Driving Innovation

Part of ABC’s mission under Swanson’s leadership will connect with her experience working on schools for the former mayor. She plans to help early-stage impact organizations be in a position to receive public funding. “I think it’s a different conversation as they begin to scale,” she said, “We start to ask, how can we apply their solutions and help the public dollars flow? How do we get the public system to adopt those best practices? Only then can they truly scale to all children.”

That’s important because in education nearly all of the funding and nearly all the policies come from government sources. But while only districts or states can drive innovation at a large scale, philanthropy can play a critical role in teeing up new ideas.

“That’s why we fund innovation,” Swanson said, “We can take more risks, prove other models. In the public sector, you don’t necessarily have that flexibility, there are not many innovative findings in the public space. So, we ask, ‘Can we play that role?’”

Exploring innovation and connecting it to policy is a role that Swanson sees as not just important across education and philanthropy but in Chicago specifically. “Chicago has gotten to a place, boasting increased metrics based on how far we’ve come in 20 years, graduation, test scores are at all-time highs, we have more people in two-year and four-year colleges, graduation rates there are up,” she said. “But what remains as a city, but also nationally, is that racial inequity still really persists. Even though all the trend lines are in the right direction, there is still a real gap on race.”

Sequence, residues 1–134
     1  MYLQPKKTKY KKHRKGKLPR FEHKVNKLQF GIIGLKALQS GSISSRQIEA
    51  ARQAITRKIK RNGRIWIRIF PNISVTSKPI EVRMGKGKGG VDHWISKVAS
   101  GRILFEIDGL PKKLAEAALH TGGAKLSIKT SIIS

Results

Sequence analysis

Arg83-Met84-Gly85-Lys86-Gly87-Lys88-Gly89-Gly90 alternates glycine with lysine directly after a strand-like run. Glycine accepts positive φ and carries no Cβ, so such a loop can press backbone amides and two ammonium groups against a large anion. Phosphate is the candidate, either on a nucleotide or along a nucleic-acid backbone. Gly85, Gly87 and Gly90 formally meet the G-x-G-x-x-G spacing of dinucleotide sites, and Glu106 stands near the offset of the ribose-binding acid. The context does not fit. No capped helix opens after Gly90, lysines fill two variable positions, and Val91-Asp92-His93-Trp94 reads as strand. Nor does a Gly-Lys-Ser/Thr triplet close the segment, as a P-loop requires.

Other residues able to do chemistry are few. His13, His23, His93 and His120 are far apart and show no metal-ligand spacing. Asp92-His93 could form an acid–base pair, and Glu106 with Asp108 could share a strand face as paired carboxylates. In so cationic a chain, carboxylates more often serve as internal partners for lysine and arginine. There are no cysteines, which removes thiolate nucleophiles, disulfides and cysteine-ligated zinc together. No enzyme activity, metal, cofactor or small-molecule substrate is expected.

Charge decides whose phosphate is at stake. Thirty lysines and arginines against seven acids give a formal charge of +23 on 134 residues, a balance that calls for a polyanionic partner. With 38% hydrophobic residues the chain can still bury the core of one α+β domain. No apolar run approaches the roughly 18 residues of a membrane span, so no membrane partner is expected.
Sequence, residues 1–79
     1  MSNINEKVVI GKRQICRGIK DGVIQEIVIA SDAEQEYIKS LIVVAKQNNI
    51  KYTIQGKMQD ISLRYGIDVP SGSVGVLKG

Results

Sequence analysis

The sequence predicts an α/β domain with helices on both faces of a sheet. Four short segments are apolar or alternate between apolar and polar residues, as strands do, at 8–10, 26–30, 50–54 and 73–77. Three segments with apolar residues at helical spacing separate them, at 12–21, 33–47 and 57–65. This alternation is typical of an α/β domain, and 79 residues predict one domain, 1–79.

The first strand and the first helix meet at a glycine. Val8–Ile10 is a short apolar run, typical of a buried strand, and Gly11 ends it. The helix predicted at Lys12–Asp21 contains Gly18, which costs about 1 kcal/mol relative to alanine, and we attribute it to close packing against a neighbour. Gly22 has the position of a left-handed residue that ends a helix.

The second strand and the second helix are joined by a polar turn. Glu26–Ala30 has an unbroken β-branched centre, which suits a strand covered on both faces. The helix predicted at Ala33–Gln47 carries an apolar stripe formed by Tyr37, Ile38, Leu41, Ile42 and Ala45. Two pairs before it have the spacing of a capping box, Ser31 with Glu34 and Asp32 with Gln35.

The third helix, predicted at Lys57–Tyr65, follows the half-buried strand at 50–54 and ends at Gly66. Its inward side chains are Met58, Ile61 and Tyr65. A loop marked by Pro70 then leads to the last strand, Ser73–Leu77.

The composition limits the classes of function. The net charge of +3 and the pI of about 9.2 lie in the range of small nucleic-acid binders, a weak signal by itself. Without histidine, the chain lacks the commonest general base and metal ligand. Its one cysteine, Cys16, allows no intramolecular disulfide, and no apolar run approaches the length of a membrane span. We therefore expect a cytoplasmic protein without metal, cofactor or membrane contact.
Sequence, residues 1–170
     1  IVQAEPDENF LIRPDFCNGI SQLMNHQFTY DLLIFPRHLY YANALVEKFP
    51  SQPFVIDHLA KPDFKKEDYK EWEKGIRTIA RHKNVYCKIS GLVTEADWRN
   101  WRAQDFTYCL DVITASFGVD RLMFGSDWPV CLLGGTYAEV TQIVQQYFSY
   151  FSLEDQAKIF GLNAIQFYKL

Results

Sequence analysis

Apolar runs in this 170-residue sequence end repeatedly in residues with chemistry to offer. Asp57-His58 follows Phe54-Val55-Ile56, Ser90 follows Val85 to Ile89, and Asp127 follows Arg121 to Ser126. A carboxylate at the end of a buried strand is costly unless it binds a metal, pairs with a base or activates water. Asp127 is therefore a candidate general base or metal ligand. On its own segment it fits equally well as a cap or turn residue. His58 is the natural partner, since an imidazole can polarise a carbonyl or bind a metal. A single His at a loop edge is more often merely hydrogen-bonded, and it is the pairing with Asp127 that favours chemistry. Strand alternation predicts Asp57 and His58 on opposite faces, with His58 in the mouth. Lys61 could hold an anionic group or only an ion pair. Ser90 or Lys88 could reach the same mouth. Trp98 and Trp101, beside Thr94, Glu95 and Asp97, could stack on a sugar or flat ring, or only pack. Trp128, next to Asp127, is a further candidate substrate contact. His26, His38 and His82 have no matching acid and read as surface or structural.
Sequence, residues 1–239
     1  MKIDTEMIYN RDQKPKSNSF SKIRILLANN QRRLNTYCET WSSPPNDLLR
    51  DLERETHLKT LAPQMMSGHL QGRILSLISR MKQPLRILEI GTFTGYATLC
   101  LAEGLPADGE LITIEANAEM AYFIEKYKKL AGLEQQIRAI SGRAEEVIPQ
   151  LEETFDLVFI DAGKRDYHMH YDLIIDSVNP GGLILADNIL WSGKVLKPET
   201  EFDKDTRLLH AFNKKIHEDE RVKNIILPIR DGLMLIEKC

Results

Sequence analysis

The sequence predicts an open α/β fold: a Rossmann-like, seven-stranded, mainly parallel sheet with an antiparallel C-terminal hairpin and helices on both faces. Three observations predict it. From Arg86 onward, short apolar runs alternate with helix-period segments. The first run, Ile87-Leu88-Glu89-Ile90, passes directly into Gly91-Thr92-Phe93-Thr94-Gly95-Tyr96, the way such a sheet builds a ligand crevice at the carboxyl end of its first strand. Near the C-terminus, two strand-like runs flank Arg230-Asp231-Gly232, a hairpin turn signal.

Pushing to the “Next Level”

In her work with the former mayor, Swanson says they did well to “bring innovation into the system, an infusion of new ideas and talent did push the system forward.” And, she says, “I fell like again we’re in the moment where a new round of innovation and interventions could help push us to the next level.”

“For example, in the mayor’s office, when [Arnie] Duncan was CEO of public schools, was the first time we opened the doors to non-profits to do wrap-around support on things like safer schools, eyeglasses, counseling, allowing the non-profits to deliver what they are good at delivering,” she said. “And seeing the power of that shows that philanthropy has a role in finding, funding and bringing those nonprofits to the table.”

“What sets Chicago apart is an incredible civic fabric, a very healthy ecosystem of nonprofits surrounding our young people,” said Swanson. “Even in challenging moments, even in the teacher strike, the seven days kids were not in school, they were actually being served by nonprofits that were reaching out to children, making sure they had a safe place, were being fed. It was an incredible moment.”

“That’s one of the reasons I was excited about this role,” she continued. “If we can harness that spirit that exists in Chicago, that’s an incredibly powerful place for philanthropy and civil partners to go—in general,” she said.

Early-stage and growth nonprofits focused on education or poverty in the Chicago area can learn more about being included in the ABC portfolio here.

Related: “Build Capital.” Inside the World of Venture Philanthropy